Letters to the Editor
First Selectman’s duty
To the Editor:
The controversy over the business structures of the Fairfield Housing Authority (FHA) and the Fairfield Housing Corporation (FHC) were not resolved at the recent Board of Selectmen meeting. It is clear that the Town’s only legal relationship to these entities is appointment of the FHA board by the First Selectman. I am concerned that all of the Selectmen were hearing details of the FHA-FSA relationship for the first time, and the meeting concluded without all questions about these entities fully answered to the satisfaction of the Selectmen or the public.
First Selectman Tetreau has not held the FHA to the level of responsibility to which Town boards he appoints are held. The Town Charter (6.2.B92) states, “All Town …boards appointed solely by the First Selectman shall be responsible to the First Selectman for the faithful performance of their respective duties and shall report to the First Selectman.” FHA is not a Town entity, but the First Selectman’s appointment of the FHA board establishes his inherent responsibility to review FHA’s decision-making at least via periodic reporting. Section 8-43 of State statutes gives the First Selectman the responsibility to remove a Housing Authority Commissioner for “inefficiency, neglect of duty or misconduct in office.” Clearly, the First Selectman has an ongoing duty here.
The First Selectman should require adequate reporting from the FHA so that he can determine if the board he appointed is faithfully performing its duties. If the First Selectman does not agree that he bears any responsibility to assure the faithful performance of the FHA board he appointed, he owes the public an explanation of that position.
The Town Attorney should evaluate the structure of the FHA/FHC and report to the Selectmen in a public meeting so there is complete transparency. The public should direct questions about the FHA/FHC entities to the Town Attorney who should assure that all legitimate questions are answered in his presentation to the Board of Selectmen.
I have no reason to believe that there is any malfeasance or misfeasance relating to Housing Authority entities. The mission of the FHA is an important one that has been well executed by Carol Martin. Operating and organizational transparency, though, require improvement, and the First Selectman needs to assure that the Board of Selectmen and the public are fully informed on the FHA-FHC structure and its operations.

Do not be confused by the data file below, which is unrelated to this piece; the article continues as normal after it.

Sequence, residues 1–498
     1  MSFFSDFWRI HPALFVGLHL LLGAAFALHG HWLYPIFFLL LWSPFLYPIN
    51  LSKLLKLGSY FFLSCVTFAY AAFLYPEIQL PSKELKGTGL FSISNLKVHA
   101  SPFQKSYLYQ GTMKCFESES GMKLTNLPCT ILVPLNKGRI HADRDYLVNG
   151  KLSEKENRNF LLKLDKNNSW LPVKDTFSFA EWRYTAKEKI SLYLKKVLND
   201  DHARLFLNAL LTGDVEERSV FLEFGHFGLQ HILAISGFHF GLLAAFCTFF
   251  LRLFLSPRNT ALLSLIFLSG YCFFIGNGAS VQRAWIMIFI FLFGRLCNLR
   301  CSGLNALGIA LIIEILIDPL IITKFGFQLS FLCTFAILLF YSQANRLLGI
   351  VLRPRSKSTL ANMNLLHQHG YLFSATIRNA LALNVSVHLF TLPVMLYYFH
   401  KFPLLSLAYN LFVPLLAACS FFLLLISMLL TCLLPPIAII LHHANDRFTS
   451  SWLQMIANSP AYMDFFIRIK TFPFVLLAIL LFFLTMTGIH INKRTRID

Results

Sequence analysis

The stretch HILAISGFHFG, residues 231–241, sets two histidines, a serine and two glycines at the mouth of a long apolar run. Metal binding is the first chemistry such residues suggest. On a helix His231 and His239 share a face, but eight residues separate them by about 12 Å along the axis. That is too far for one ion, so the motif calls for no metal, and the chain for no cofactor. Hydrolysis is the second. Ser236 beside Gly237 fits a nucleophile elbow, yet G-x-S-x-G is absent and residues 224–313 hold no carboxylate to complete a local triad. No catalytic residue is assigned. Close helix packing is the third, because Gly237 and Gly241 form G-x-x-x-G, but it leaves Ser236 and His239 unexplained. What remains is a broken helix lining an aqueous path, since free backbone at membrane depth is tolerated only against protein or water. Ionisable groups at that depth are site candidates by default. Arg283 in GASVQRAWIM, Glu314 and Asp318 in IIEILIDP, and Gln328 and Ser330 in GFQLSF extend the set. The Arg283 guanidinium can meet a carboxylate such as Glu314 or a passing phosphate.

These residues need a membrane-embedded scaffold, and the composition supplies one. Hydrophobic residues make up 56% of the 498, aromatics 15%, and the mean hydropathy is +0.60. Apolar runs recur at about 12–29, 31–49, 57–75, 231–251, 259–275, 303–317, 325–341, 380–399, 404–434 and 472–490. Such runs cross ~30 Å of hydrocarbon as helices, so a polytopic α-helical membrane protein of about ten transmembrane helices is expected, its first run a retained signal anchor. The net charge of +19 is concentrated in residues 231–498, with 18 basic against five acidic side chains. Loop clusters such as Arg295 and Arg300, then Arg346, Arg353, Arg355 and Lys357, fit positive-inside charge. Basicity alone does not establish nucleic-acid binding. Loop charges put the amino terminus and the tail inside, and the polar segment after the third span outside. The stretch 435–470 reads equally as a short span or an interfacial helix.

Jan R. Reber
Special Education failure
To the Editor:
My son graduated this June from Fairfield Warde High School. The headmaster, David Ebling, was the best part of the four years we spent there. He was a kind, compassionate, understanding educator whose door was always open and he tried to solve any issue brought to his attention. I wish him all the best in his retirement.
The worst part of our years in high school, middle school, elementary school and the ECC, was special education. My son graduated but he did not get a suitable education. This is a much bigger story than I can tell here because special education is broken nationwide. I will just give you a small bit of our last months in the system of special education.
My son has failed some of his finals every single year in high school and I wanted to prepare him as much as possible so he would be successful. As the third quarter report cards came out I asked for an update of my son’s progress. I didn’t receive the progress report, required by law to accompany the report card, for 3 weeks. When I questioned the information provided, as there were inaccuracies and incorrect or misleading information, I was ignored, misled or disrespected. I spent the last eight weeks of my son’s time in high school, all but removing him from special education because I feared the damage that might be done, trying to get answers to any of my questions and crying.
Mr. Ebling was the only shining light in a dark experience. I am still waiting for an explanation of why the system broke down and collapsed for my son at the end of his high school career. Again I am being given the runaround, not answers. I implore the Fairfield Board of Education to meet with me, hear the story of 15 years in special education and do something about it!
Fireworks a success
To the Editor:
I am writing in response to my letter last 4th of July reacting to the fireworks display in Fairfield. In that letter, I addressed how displeased I was with the Town of Fairfield holding the July 4th Fireworks celebration on a Monday night; July 2nd to be exact. The rain date happened to be set for July 3rd, a much more suitable night which was indeed, odd. I expressed how I believed that this was a shortsighted decision that was done lazily, and did not consider the wants and desires of its residents, but rather the town’s finances.
However, as I sit here writing today, I owe it to the town to express how pleased I was with this year’s celebratory event. The town responded and came through and put on a show that both its residents, and residents from other neighboring towns could enjoy. Most folks did not have to worry about work the following morning and they were free to travel to Fairfield, see family, friends and celebrate like any American should be able to. The ideal summer night.
Oftentimes, in opportunities such as these to openly express opinions, it is important to be consistent. If you are willing to respond harshly or criticize an aspect of society, you should also be willing and prepared to acknowledge when something is done right and express it in the same manner. With that said, after a botched 4th of July celebration in 2018, the Town of Fairfield came through and put on a tremendous event for 2019. Bravo.